BWCA permits for summer 2021 went live at the end of January, time is of the essence to snag one for your desired entry point.
With the recent spike in temps, we’re all leaving our winter fortresses and thinking ahead to spring and summer. Maybe reminiscing on those warm days replete with paddling and portaging.
Ahh yes, the mystical Boundary Waters. Many seem hesitant to plan their first ever trip, but once you go once, you’ll never get enough!
Make this year the one you (finally) pull the trigger on an adventure in the Boundary Waters. If you don’t know where to go, read on for some routes Nick and I suggest.
A Loon Lake Route
- Best in late June, early July.
- Ely, MN
- Entry Point 14, Little Indian Sioux River
A 40-rod portage leads to a slow paddle down the Little Indian Sioux River. This river is the place where I witnessed my first pair of otters swimming.
Head to Upper Pauness, then Lower Pauness, check out Devil’s Cascade, paddle down the Little Indian Sioux River again into Loon Lake.
Loon Lake is expansive and permits motorized boats, 2 things that often give me heart palpitations. Stick near the perimeter and find a campsite that overlooks the big waters. If you don’t find one, there’s something to be said about one of the few campsites on Little Loon Lake.
FYI, it’s customary for paddlers to select a campsite in the early afternoon, so stop to camp at any one of the lakes from the route above. Generally, a person travels 6-7 miles each day, so map your route accordingly.
Little Saganaga Lake Route
- Best: Any summer month
- Gunflint Trail
- Entry Point 52, Edith Lake
After the long drive up the Gunflint, you’ll launch your canoe at Round Lake. Hike a few short portages, then enter the BWCA at Edith Lake.
Travel towards Brant Lake, then Gotter Lake, Flying Lake, Green Lake, Bat Lake. Stop on Bat for some fishing, it’s quite deep and makes for some great pictures. Next go to Gillis Lake, Crooked Lake, Tarry Lake, Mora Lake, then finally land on Little Saganaga.
This trip provides an interesting perspective of forests before and after fires since you pass through the boundaries of the Cavity Lake Fire.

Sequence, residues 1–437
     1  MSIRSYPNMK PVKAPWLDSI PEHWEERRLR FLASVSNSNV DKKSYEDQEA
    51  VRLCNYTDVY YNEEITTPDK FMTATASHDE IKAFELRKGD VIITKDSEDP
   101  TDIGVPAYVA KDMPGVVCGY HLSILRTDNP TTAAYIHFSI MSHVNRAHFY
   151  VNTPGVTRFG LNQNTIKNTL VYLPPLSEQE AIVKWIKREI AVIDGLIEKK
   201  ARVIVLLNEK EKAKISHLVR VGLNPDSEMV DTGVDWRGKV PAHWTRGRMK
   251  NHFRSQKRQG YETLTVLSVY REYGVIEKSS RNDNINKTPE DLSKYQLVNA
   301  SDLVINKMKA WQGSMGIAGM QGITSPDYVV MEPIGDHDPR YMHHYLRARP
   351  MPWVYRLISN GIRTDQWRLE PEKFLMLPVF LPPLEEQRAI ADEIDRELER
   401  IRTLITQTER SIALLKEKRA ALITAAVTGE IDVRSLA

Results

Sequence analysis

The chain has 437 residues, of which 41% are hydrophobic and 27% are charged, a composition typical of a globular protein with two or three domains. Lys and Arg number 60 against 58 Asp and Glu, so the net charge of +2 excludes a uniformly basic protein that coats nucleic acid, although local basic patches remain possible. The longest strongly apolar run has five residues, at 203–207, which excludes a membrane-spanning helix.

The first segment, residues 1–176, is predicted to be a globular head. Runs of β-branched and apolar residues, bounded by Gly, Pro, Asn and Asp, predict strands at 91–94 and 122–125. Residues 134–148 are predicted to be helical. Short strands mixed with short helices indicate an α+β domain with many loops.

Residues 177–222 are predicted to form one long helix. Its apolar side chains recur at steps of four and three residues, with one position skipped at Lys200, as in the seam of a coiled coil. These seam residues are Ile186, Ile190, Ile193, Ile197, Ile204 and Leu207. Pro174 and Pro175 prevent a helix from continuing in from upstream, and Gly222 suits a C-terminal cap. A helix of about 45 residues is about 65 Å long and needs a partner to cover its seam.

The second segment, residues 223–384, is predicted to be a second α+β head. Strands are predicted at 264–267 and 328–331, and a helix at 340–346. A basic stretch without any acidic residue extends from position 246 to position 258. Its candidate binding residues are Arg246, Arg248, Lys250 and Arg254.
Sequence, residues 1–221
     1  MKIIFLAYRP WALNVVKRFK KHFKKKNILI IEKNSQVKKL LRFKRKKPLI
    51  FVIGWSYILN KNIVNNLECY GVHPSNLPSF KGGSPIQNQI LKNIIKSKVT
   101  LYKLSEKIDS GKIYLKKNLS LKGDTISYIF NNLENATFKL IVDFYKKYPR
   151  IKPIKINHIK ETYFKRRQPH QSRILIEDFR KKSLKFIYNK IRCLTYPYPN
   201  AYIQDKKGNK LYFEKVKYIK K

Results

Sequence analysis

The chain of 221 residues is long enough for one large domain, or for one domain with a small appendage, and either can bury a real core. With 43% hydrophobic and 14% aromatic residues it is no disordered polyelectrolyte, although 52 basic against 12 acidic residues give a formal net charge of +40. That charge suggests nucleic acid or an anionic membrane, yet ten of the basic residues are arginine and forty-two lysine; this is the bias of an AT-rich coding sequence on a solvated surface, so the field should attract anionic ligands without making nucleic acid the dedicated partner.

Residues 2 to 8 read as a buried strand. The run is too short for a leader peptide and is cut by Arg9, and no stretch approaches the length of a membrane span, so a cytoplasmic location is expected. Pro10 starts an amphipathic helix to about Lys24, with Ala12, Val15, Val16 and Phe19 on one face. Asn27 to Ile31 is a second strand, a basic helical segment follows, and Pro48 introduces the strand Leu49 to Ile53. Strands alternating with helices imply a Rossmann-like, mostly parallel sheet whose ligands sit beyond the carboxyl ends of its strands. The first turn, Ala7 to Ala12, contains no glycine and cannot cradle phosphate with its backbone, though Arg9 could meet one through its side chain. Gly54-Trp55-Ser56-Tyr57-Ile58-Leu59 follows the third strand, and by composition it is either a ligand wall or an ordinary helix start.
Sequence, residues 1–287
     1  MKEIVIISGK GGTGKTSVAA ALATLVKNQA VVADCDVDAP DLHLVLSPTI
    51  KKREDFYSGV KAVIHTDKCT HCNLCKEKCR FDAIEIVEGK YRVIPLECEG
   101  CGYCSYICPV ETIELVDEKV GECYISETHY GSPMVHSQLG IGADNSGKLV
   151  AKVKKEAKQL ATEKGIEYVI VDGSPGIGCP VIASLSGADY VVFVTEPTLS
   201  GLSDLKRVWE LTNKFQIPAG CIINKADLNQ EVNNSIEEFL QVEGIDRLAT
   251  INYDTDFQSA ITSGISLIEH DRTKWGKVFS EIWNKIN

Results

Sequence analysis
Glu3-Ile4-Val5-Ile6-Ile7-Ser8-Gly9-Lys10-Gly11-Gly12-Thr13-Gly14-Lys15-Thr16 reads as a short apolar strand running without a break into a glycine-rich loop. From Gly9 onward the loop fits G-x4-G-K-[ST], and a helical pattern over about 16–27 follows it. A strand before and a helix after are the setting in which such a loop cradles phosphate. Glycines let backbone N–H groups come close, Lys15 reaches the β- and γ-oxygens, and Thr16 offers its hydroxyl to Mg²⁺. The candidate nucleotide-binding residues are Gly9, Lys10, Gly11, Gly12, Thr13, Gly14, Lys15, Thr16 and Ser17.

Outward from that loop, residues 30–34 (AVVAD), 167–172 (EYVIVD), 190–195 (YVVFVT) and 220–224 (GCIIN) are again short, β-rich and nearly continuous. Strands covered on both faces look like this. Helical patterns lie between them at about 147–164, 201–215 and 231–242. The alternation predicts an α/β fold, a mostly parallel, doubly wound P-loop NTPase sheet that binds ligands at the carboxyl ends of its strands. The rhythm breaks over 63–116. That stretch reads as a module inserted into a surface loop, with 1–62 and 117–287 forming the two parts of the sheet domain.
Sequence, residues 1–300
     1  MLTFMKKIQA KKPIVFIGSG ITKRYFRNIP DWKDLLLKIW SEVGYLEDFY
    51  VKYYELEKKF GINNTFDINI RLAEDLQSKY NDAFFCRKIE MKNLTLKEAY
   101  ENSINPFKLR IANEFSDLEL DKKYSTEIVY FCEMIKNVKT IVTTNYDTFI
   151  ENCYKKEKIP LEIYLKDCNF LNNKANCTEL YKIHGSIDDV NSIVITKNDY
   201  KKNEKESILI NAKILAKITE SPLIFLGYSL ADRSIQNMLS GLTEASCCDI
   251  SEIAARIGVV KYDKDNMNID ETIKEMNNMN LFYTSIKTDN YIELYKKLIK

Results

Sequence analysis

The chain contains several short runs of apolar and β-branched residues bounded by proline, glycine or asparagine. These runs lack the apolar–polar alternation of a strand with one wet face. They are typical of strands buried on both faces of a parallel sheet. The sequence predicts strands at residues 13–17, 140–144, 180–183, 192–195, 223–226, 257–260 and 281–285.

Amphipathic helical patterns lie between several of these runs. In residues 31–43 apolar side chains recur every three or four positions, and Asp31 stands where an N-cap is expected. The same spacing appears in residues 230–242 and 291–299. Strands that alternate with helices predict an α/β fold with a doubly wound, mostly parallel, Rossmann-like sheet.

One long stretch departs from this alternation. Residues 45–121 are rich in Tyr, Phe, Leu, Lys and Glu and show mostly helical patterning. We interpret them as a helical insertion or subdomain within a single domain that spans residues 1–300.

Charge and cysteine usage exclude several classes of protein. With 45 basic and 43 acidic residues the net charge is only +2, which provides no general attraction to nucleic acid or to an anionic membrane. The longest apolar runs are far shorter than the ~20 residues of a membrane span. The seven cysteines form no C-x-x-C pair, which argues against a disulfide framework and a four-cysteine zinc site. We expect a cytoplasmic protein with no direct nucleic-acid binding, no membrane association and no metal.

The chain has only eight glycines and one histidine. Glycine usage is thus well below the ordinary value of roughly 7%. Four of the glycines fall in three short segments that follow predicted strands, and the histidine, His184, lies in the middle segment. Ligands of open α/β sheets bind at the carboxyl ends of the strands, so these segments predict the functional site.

Make this trip a loop and head back out through Gabimichigami Lake, a well-known destination of the BW.
“Little Sag” is one of those lakes that most Boundary Waters veterans have at least heard of. If you do make this your route, be prepared for all of us to tell you about that one time we visited it ourselves.
Starting with Brule Lake
- Best: Any summer month
- Tofte, MN
- Entry point 41, Brule Lake
Brule is a popular entry point into the Boundary Waters. Often, people make it their base camp and head out in various directions for day trips.
On my first ever trip to the Boundary Waters, Nick and I went west to South Temperance, then Cherokee, and traveled towards Frost Lake. (Yupp, you read that right… Nick had the temerity to bring me, a wilderness-newb, to the most remote region of the Boundary Waters on my first trip. Turns out, it was a risk with a large payout!)
There are many, many directions to head out of Brule! Any of them would be just as worth the drive. There are zillions of articles on the interwebs that are likely more poetic detailing routes to take from Brule. If you don’t want to listen to any of them, you can always give up eating at the kitchen table and instead, use it for your map laying area until you determine your own route!
Some more quick facts for the novice:
- When you pick up your first permit- you’ll have to watch the Ranger video, then be asked a series of questions (i.e., what do you do with your trash… pack it out.)
- You’ll wear fewer clothes than you think.
- Do NOT bank on catching fish. Read: pack extra food.
- If you really hate bugs, go in early June.
- To save money, buy a food dehydrator (often carried in your local thrift store) and dehydrate your own meals. If you have a fruit leather tray, your menu is limitless!
But what do I pack?
Instead of going into a long-winded gear paragraph (which I have a tendency to do…) here is our gear spreadsheet:
With the limited gear, Nick and I single-portage (carry all our items in one trek.) This might not be the case for you, perhaps you want more gear. I’ve asked a friend to share her thoughts on packing for her family of 4, here’s what she recommends:
“Packing for kids is the same as packing for adults. We just bring an extra pair of underwear for the boys for every 3 days, good rain gear with pants is a must, they can always wear it as a layer. Wool socks. Our kids use Crocs. Add extra food with kids, including junk like candy, in case they need sugar. Most important is a good first aid kit. The kit was well worth it on our long trip.”
Be sure to remember that, “The more stuff you bring, the more you carry. Kids don’t realize their clothes are filthy, so you don't need a lot other than layers.” -Sarah H.
Whatever you decide to do, don’t wait! There are quotas on permits. So even if you don’t know your route, buy the permit and state a tentative route, you can always change your mind later.
This post was written by Annie Schmitz, February 2021.